Readers have asked for further comment from me on President Barack Obama’s “round robin” with religious editors and reporters. I have to say I learned a number of things that day–mostly about journalism. First, my respect for bread and butter journalists, like CNS’s Pat Zapor, grew. In the time it took me to lunch with her boss, Tony Spence, (on another matter) and ride home to N.Y., she had posted three superb pieces. One dealt with the question I had posed about the G-8 and the world’s poor and she promises another Monday on another topic my first blog touched on, the president’s admiration for the late Cardinal Joseph Bernardin.
Secondly, competition to break a story is as strong in Catholic journalism as elsewhere. My confrere and predecessor Tom Reese was on the West Coast unable to attend the meeting. But the White House appears to have copied him on the transcript, and he beat us all breaking the story on Newsweek’s religion blog–with a Washington dateline! (Don’t believe everything you read.)
Thirdly, the determination of some on the right who, in the president’s words, “keep on anticipating the worst from us” received vivid proof in our meeting. (MSW, please note.) Fr. Owen Kearns, L.C., publisher and editor in chief of The National Catholic Register, wanted to press the president on the anti-Catholicism in his administration. Citing a line in the president’s Cairo address about hiding hostility to religion behind the pretense of liberalism, Father Kearns asked whether the administration didn’t harbor anti-Catholic sentiment. The president asked for specifics, and Fr. Kearns identified Joshua Du Bois, the director of the White House Office for Faith-based and Neighborhood Initiatives, as an offender. Rev. DuBois, Fr. Kearns alleged had called the pope “a discredited leader.” Kearns added that the president had backed him up.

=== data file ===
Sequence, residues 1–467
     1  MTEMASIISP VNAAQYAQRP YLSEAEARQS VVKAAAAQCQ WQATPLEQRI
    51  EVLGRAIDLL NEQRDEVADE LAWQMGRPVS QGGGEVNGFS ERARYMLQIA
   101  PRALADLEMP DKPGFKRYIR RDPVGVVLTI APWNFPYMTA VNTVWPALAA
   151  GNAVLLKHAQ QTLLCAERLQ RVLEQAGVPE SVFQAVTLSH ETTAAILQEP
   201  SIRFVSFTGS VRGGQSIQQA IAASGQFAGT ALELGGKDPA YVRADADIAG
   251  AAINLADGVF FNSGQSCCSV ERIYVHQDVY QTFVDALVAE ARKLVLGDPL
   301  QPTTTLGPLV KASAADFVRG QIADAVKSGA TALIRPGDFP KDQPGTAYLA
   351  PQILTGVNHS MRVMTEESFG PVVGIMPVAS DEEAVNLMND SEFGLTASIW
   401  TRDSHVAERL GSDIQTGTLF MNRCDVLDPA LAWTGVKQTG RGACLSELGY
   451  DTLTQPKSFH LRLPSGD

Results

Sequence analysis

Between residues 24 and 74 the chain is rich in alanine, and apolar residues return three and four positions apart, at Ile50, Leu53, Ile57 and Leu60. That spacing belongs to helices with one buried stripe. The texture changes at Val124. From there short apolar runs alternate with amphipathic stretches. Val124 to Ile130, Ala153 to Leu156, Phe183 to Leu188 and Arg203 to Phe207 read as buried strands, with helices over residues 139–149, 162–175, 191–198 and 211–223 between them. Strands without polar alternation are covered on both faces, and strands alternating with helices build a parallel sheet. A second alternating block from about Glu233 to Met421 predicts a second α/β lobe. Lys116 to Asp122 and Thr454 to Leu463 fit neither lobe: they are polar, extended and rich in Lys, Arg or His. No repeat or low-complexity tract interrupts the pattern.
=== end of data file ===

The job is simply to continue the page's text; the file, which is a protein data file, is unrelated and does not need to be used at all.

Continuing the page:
The Rev. DuBois, sitting directly behind Father Kearns, denied the accusation and identified the offender as Harry Knox, an outside advisor to the office, who is the religious liaison for the Human Rights Campaign, a gay and lesbian organization. It was the first the president had heard of the incident, and he had never backed up such an offending statement.
Journalists should know that if you are going to call an official out to his face you ought to have your facts straight. But nothing can deter the Catholic right’s idee fixe that Barack Obama is bound and determined to do the worst he can by the pro-life agenda, even when their position is shown up as empty prejudice as it was that morning.
Finally, there are a couple of headlines that grab reader’s attention. “The Top Ten” of anything, and giving a grade. Michael Sean Winters, though he didn’t participate in the round robin and, as far as I know, didn’t have access to the full transcript, gave the president a ‘B’. It is not exactly clear to me why. But, I am sure it grabbed readers’ eyes. Our meeting wasn’t a philosophy seminar, as MSW seemed to understand. Was it simply because the president couldn’t grant everything we Catholics would ask on the abortion question? That seems inappropriate for journalists to expect from any politician.
There were only two questions related to abortion. One on the conscience clause and one on the committee searching for common ground. The president’s response to the first was in the affirmative, but the specific policy is still under review, and in the case of the committee, though it has been corresponding and holding conference calls, its first meeting will only take place sometime soon. On both counts, it seems we will have to wait to see how the president and his team score on a Catholic test.
The weakness in the meeting, it seemed to me, was on our side. Only two journalists’ questions dealt with the president’s meeting with the pope and the broader international agenda they anticipate discussing–the reason the White House had brought us there. We Catholic journalists were preoccupied, I am afraid, with American Catholic politics. We couldn’t see beyond the eastern seaboard, it seemed. Perhaps the appearance Tuesday of Pope Benedict’s new social encyclical will open our eyes to the global responsibilities both pope and president want us to address.
Drew Christiansen, S.J.